As Carbondale Citizens Begin their Gardens, Consider the Benefits of Composting! Compost is organic material that can be added to soil to help plants grow. Food scraps and yard waste together currently make up more than 28 percent of what we throw away, and should be composted instead. Making compost keeps these materials out of landfills where they take up space and release methane, a potent greenhouse gas.
Composting Basics All composting requires three basic ingredients: Browns - This includes materials such as dead leaves, branches, and twigs. Greens - This includes materials such as grass clippings, vegetable waste, fruit scraps, and coffee grounds. Water - Having the right amount of water, greens, and browns is important for compost development. Your compost pile should have an equal amount of browns to greens. You should also alternate layers of organic materials of different-sized particles. The brown materials provide carbon for your compost, the green materials provide nitrogen, and the water provides moisture to help break down the organic matter. Benefits of Composting Enriches soil, helping retain moisture and suppress plant diseases and pests. Reduces the need for chemical fertilizers. Encourages the production of beneficial bacteria and fungi that break down organic matter to create humus, a rich nutrient-filled material. Reduces methane emissions from landfills and lowers your carbon footprint.
How to Compost at Home There are many different ways to make a compost pile; we have provided the following for general reference. Helpful tools include pitchforks, square-point shovels or machetes, and water hoses with a spray head. Regular mixing or turning of the compost and some water will help maintain the compost. Backyard Composting Select a dry, shady spot near a water source for your compost pile or bin. Add brown and green materials as they are collected, making sure larger pieces are chopped or shredded. Moisten dry materials as they are added. Once your compost pile is established, mix grass clippings and green waste into the pile and bury fruit and vegetable waste under 10 inches of compost material. Optional: Cover top of compost with a tarp to keep it moist. When the material at the bottom is dark and rich in color, your compost is ready to use. This usually takes anywhere between two months to two years.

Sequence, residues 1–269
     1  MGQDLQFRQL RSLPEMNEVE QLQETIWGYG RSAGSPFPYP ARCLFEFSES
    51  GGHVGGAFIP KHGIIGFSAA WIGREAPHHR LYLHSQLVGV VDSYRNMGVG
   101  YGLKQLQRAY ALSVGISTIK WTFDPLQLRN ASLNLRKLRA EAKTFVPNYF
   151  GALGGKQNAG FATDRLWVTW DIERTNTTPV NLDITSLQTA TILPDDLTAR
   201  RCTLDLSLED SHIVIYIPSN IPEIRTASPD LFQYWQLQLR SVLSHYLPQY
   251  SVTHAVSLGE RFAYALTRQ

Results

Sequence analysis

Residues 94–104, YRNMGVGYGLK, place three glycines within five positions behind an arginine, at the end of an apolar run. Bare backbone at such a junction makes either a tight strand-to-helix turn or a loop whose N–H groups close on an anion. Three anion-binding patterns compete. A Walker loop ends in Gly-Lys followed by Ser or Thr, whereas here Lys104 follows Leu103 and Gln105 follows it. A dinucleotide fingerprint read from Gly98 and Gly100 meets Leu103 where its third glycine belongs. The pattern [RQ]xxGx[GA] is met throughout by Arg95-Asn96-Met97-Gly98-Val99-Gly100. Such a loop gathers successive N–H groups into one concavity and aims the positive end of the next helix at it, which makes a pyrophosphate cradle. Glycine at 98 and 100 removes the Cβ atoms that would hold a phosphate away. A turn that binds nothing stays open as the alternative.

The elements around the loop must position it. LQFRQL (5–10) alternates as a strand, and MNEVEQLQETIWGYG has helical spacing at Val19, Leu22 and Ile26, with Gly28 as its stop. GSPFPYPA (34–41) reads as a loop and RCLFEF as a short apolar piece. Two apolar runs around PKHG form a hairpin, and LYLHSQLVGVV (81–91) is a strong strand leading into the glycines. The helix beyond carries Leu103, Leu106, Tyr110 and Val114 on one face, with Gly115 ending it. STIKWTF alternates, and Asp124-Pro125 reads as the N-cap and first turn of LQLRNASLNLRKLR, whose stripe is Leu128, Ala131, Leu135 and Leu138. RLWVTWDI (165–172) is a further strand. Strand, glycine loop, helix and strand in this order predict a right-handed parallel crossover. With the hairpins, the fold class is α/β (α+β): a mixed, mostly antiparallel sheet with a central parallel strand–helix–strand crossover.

Indoor Composting: How to Build a Worm Composting Bin If you do not have space for an outdoor compost pile, you can compost materials indoors using a special type of bin, which you can buy at a local hardware store, gardening supplies store, or make yourself. Remember to tend your pile and keep track of what you throw in. A properly managed compost bin will not attract pests or rodents and will not smell bad. Your compost should be ready in two to five weeks.